Can you guess how things are going in Lebanon, Tennessee?
To quote my senior companion, Elder Fishburn (who has been out for 7-8 months), "This has been the worst week of my entire mission, as far as numbers are concerned." It isn't all about the numbers, but when you're coming up with things like one other lesson taught, or maybe two lessons with recent converts/less actives (now referred to as returning members), you start to wonder certain things, like "WHAT ON EARTH IS GOING ON AND WHY!?!?!" I wouldn't have room to say anything if Elder Fishburn and I didn't work hard, but we do work hard; every day we work like there is no tomorrow, and now.... well, here's the situation: every appointment we make falls through. Every person we thought we counted as Progressing Investigators has fallen off of the face of the planet. EVERY door in Lebanon has been knocked, every street explored, every nook and cranny ventured into. EVERYONE seen on the street has been contacted, and EVERYONE seen has rejected us.
Aside from the fact that the missionary work in Lebanon has grinded to an utter and almost complete halt (thanks only in part to a... stubborn and stiff-necked people), we had zone conference. I will be honest (I am in a very blunt and honest and straightforward mood so I will attempt to choose my words carefully [the whole situation here has filled me with wroth]) and say that I do not enjoy large gatherings of missionaries. I don't have many friends here and the ones I do have already have closer friends that they typically gravitate towards when they see each other at these larger meetings. To be short, I feel very much like an intruder here; visa-waiters are typically unwanted in any mission field that is not their own because people don't think you will be around for very long, which is why it is difficult to make friends; no one wants to make friends with someone who could, at any given time, receive flight plans and a ticket to their assigned area (in my case, Australia). Cozying up to the ward has been difficult, and other missionaries don't get too close because, again, no one wants to make friends with someone they'll have to part with at any given time. Thus is the story of my life right now. I can honestly say I do really miss the Monument Ward; the closeness of the ward and the care they have for each other is exemplary. And you all have beautiful singing voices... no one here sings...
On a brighter note, Elders Fishburn, Alarcon, Rowley, and myself were awarded the first ever Golden Hubcap Award for having kept our car in such fine condition. Our pictures are going to be displayed in the mission office beneath the golden hubcap which will be displayed on the wall. Yay for us! How sad is that, though? Having my picture hung on a wall beneath a plastic Toyota hubcap spray-painted gold has been the highlight of me week...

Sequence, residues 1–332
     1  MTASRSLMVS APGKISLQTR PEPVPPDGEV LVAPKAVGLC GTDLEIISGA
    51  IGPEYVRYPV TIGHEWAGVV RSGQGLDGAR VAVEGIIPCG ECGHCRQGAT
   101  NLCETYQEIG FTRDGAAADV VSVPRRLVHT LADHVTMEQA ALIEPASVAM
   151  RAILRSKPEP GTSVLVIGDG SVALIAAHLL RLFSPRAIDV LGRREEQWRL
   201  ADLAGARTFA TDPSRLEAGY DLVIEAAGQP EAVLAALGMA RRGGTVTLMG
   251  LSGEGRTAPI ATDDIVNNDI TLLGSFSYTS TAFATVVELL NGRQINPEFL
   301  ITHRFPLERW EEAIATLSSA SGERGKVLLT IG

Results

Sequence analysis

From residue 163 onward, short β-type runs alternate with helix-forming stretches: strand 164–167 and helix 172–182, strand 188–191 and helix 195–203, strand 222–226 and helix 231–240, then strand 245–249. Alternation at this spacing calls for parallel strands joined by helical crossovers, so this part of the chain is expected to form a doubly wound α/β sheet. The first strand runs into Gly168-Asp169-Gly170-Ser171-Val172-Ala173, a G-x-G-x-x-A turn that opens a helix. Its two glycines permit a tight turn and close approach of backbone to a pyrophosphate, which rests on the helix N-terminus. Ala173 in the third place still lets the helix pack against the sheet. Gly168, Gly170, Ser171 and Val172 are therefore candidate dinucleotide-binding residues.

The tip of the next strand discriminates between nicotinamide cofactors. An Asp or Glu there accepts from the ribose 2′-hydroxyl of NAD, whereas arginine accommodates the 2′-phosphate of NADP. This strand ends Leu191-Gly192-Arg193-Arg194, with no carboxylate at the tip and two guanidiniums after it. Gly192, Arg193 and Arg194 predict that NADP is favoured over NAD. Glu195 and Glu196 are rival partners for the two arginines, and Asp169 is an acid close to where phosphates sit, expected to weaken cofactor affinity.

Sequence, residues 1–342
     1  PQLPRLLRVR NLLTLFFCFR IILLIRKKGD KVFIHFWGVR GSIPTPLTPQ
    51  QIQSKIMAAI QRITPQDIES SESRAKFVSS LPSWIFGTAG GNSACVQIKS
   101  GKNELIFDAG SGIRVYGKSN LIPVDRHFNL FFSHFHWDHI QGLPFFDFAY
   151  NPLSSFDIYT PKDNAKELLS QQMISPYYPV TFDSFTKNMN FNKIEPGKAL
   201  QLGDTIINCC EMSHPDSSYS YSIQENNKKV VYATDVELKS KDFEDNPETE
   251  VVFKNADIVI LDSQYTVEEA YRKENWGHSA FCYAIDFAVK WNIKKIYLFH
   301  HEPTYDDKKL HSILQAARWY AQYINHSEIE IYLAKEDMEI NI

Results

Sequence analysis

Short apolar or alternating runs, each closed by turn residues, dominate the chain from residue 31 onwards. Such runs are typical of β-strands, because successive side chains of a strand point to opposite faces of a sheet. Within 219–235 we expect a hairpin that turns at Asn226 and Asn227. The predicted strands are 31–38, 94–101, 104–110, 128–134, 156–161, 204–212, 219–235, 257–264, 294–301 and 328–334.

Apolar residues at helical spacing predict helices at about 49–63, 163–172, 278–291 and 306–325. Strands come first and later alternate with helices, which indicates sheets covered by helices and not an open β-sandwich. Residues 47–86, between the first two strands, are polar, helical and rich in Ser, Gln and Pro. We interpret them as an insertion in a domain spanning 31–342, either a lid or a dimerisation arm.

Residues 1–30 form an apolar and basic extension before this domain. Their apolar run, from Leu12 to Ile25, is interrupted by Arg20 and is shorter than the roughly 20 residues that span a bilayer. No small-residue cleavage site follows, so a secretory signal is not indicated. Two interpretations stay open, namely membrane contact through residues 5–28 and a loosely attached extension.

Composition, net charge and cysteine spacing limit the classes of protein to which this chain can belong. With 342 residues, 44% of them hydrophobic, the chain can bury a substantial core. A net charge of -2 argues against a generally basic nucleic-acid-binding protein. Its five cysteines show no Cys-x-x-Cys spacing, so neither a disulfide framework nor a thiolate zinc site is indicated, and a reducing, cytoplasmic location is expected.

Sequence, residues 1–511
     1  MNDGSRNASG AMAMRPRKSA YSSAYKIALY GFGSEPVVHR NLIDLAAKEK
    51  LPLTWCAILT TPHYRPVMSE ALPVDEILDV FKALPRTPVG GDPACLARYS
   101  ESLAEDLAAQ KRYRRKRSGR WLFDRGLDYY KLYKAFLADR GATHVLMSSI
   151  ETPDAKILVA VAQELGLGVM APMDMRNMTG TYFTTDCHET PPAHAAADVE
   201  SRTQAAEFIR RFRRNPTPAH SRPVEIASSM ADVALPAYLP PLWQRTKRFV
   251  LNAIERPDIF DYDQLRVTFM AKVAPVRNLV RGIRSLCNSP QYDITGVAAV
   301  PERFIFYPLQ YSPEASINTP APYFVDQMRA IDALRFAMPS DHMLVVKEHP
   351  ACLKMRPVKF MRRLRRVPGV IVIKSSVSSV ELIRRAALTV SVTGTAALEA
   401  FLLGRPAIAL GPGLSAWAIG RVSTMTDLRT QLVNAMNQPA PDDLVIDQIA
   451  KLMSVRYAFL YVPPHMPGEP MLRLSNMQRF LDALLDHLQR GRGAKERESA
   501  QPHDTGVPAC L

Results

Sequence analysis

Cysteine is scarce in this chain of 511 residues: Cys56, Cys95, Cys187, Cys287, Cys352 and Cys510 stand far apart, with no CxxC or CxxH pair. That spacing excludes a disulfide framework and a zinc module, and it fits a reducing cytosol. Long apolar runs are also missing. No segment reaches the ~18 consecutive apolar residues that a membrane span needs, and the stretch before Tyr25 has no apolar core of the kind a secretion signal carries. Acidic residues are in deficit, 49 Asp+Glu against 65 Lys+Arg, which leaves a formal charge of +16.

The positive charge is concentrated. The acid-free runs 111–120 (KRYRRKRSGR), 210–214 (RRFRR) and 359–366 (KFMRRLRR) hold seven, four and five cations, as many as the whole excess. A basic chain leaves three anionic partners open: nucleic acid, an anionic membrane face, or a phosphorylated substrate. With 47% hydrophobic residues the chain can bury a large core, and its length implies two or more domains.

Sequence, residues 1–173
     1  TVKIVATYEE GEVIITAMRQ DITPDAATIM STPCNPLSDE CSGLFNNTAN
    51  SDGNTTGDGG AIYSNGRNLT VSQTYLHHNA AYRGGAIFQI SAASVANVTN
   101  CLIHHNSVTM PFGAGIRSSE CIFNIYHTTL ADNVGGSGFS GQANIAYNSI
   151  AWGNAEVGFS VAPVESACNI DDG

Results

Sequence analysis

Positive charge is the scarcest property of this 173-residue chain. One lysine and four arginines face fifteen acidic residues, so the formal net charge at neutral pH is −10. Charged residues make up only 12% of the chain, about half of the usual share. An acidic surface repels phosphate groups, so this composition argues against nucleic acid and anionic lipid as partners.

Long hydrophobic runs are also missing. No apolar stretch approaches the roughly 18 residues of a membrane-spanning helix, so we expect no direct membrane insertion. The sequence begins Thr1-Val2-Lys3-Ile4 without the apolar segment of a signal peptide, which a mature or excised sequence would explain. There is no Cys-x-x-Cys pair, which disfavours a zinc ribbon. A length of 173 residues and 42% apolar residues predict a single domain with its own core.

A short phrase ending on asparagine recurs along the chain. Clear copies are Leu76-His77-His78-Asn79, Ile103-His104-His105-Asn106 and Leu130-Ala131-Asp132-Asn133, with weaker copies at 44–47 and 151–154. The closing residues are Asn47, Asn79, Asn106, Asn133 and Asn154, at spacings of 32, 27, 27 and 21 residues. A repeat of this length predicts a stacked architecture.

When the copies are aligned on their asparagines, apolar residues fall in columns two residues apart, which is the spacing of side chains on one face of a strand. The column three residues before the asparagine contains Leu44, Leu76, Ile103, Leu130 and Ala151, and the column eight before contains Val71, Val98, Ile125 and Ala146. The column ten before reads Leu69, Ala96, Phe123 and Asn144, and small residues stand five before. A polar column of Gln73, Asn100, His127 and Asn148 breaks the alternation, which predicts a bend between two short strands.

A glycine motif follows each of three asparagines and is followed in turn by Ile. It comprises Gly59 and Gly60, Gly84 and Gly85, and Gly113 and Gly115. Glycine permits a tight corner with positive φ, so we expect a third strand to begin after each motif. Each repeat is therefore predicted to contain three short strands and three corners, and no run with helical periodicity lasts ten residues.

It rained more, by the way. We had a few sunny days and today there's some sunshine, but it rained more, and to save on miles (we're only allotted 1,000 miles per month for the four of us) and to keep ourselves relatively dry, we opted to go tracting on foot. All I have to say is that rain is not conducive to doing the Lord's work. But why do we tract in the rain (we went over this at zone conference)? Because we love the Lord. Why are we homesick? Because we love the Lord. Why are we out here knocking doors, street contacting, and trying to set up solid appointments in a town that has completely closed itself from receiving the restored gospel of Jesus Christ? Because we LOVE the Lord.
For any of you who know me, and I would hope many of you do, yes, I am in a "Fake It Until You Make It" mood, and I will make it eventually. Today is going to be a great day! I'm going to get a door slammed in my face and I will say "Mmm, what a nice breeze!" I'm going to get mocked and laughed at and scorned and you know what? It's like Elder Jeffrey R. Holland said in his talk "Missionary Work and the Atonement" (which you should ALL watch, it is... powerful): "When our missionaries ask themselves why is it so hard, they should all remember this: they are not the first ones to ask that question."
The whole video, "Missionary Work and the Atonement" is something that deserves some kind of award because by watching it, you will experience the best ten minutes of your life. It makes many comparisons to the challenges missionaries have to the things that Christ faced. Any time I want to complain about something or think that I've got it bad, I think of Christ. He was spit upon, he was whipped, he was stoned, he was crowned with thorns and he was NAILED (not tied, as was the more common practice among the Romans of the time) to the cross. When he suffered in Gethsemane, he -even the Only Begotten Son of God- asked "Is there no other way?" Like Elder Holland points out in the video, if we desire to share the gospel, and walk the path Christ walked, we must experience at least a little, an inkling of the suffering that he went through. If we did not experience at least SOME tribulation, or trial of faith, we would NOT be walking in the path that Christ walked. One of my favorite quotes out of the whole thing is when Elder Holland boldly declares, "Salvation is not a cheap experience; Salvation was NEVER a cheap experience!"
My time is short, but really, look it up on Youtube or something, and just take ten minutes to watch the video. I can testify that by doing so, whatever your ideas of Christ and his sacrifice are right now, they will change, and you will gain a much greater appreciation for what he went through for all of us.